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Mellon Mays Guide to Research

Need help researching in the Social Sciences?

Need help researching in the Social Sciences?

Ask the Social Sciences Teaching and Research Team-- SSTART! 

sstart@brown.edu

Getting Started

Choosing a topic

The first thing you will need to do, of course, is come up with a research topic. You may already have a very specific topic in mind, or you may have a general idea of what interests you. In either case, it can be enough to begin your research. Very often you will find that your research will mold your topic and you may end up writing about something you had never even considered in the beginning!

If you’re having trouble coming up with a topic, think about what has interested you most in your class so far. What would you like to know more about? Maybe you have a few ideas and can’t narrow it down. That’s ok. You’ll be guided by your research: while you scan, browse, and read, you'll gain a better sense of the important issues surrounding your topic-- and you'll watch your research question come into focus.

Often, the best way to start searching is to use keywords, those words that describe the topic in your mind. You can start off in the main library search box, or Discovery Tool, with a Google-like search of words that seem to fit. It’s usually best to start off with a general search – don’t use too many words that will limit your options. You can narrow down your focus as you go along.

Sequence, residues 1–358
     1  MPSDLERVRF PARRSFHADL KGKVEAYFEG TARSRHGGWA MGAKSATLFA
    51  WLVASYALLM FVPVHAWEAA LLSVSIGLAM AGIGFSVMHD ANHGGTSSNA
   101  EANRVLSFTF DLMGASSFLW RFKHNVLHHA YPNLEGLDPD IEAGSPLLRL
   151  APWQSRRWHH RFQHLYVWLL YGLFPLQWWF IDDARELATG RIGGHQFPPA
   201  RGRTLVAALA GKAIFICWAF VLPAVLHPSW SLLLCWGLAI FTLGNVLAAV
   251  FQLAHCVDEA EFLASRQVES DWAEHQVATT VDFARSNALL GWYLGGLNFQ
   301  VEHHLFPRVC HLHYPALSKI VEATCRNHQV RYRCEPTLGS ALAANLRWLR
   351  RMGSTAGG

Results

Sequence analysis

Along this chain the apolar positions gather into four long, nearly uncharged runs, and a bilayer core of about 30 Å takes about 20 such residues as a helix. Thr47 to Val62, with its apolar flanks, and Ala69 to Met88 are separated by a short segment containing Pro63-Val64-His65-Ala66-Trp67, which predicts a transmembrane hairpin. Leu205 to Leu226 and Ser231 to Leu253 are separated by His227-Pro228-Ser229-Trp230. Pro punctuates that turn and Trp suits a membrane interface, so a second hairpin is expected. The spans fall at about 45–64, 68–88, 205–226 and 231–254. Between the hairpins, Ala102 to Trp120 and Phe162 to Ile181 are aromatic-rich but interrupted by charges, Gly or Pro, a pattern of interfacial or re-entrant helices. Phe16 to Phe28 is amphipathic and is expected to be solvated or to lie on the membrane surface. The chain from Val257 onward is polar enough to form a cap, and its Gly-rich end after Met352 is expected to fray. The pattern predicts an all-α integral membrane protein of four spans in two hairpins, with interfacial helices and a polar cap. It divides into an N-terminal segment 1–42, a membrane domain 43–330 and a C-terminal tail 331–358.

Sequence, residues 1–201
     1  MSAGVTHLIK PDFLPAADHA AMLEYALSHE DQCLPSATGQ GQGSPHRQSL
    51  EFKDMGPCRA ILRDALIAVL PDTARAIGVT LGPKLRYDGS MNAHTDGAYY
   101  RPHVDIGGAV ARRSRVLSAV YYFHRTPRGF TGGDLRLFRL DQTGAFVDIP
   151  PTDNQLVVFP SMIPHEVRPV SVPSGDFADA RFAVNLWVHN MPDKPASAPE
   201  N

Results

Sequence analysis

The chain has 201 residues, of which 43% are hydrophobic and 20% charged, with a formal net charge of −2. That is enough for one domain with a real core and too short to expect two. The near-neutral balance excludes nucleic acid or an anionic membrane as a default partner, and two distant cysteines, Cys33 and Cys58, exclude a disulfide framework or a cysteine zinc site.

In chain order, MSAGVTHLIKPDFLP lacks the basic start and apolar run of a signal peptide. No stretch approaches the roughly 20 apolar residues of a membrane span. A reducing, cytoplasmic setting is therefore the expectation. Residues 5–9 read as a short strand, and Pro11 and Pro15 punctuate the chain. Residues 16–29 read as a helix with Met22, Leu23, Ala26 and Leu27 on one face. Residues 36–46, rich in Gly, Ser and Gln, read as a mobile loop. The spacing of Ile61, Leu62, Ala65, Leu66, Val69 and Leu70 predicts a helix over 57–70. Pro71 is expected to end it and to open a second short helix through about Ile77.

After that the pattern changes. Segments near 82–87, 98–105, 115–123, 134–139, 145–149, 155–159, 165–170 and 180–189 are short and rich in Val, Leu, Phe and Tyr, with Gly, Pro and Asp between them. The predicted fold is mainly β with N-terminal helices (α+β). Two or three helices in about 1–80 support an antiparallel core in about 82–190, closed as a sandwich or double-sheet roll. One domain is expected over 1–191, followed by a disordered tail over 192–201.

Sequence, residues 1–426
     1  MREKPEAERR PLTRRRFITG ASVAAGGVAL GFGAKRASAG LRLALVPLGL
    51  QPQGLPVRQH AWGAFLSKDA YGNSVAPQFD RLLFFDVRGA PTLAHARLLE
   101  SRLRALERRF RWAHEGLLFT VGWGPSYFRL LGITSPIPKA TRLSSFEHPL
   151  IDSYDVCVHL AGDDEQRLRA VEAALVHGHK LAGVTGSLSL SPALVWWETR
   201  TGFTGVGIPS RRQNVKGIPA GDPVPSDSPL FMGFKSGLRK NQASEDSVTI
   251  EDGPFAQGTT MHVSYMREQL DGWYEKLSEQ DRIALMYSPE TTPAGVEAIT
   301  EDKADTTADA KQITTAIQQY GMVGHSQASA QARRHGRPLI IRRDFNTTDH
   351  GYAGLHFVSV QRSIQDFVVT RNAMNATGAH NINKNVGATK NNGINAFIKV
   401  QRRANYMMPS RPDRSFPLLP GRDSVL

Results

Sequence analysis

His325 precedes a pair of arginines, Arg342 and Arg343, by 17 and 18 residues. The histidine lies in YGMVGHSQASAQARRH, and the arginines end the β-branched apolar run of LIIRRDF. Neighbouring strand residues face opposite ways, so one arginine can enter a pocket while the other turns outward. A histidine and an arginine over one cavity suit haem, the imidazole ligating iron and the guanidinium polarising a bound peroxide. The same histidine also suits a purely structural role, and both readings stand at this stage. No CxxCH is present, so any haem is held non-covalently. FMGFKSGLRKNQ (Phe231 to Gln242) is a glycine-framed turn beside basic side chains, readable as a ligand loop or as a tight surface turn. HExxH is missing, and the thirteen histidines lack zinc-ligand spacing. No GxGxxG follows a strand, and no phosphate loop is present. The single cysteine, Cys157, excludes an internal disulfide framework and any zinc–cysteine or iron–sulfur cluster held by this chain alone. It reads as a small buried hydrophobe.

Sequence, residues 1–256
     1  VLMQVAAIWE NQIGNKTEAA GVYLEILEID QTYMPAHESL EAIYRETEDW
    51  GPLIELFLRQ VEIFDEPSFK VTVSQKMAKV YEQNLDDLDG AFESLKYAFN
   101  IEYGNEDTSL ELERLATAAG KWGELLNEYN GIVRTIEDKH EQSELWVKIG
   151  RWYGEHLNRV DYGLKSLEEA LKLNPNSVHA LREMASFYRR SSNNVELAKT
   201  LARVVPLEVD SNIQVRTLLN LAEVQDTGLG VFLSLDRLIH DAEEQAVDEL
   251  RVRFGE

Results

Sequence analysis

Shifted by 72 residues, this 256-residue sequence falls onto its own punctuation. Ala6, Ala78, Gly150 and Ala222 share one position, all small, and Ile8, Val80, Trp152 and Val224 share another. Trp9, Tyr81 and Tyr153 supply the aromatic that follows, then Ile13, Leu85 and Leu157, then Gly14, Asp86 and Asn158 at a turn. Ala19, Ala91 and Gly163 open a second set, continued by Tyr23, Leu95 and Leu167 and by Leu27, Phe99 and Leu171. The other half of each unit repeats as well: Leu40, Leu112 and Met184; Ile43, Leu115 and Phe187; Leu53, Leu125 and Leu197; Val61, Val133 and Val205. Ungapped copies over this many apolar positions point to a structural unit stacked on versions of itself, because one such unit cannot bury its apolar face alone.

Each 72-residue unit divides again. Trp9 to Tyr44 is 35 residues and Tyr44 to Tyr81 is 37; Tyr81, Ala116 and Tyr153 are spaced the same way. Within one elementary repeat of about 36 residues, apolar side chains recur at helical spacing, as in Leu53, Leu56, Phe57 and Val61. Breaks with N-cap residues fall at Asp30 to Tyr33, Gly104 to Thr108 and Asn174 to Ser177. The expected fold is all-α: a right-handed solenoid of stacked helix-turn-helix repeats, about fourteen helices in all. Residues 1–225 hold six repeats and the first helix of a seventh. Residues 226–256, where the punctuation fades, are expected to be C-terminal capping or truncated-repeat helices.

Beginning your search

Where to start? If you don't know much about your research topic, do a bit of background reading. A quick Google search may land you on Wikipedia, one of the places you might go to get a sense of the important ideas, people, organizations, places or events surrounding your topic. You might also consider Credo Reference, a collection of online reference sources, as well as subject-specific encyclopedias that can be found in the search box on the library's home page. Take note of the concepts and keywords you discover as you do your background reading, as they give focus to your research question. Consider keeping research notes or a journal; even a simple list of keywords and helpful resources will offer a springboard for your ideas and save you time.

Using the Library Search Box

Books (in paper and electronic format) and articles are core resources in Social Sciences research. You'll find access to these as well as CDs and DVDs, primary source archival material, subscription information to journals, and access to much of our online journal content. Using the discovery tool to do in-depth and extensive research in our periodical literature is not recommended; for more efficient searching, consider choosing specific databases that index information on your topic.

For more information about using the search box, including tips on how to narrow your search results and find specific kinds of sources, please see Using the Catalog in this LibGuide.

Doing a literature review

The literature review is an important part of researching in the social sciences. Research and the literature review in particular are cyclical processes. There is an art to the sometimes messy, thrilling, and frustrating process of conducting a lit review.
 
Where do I start? The Research Question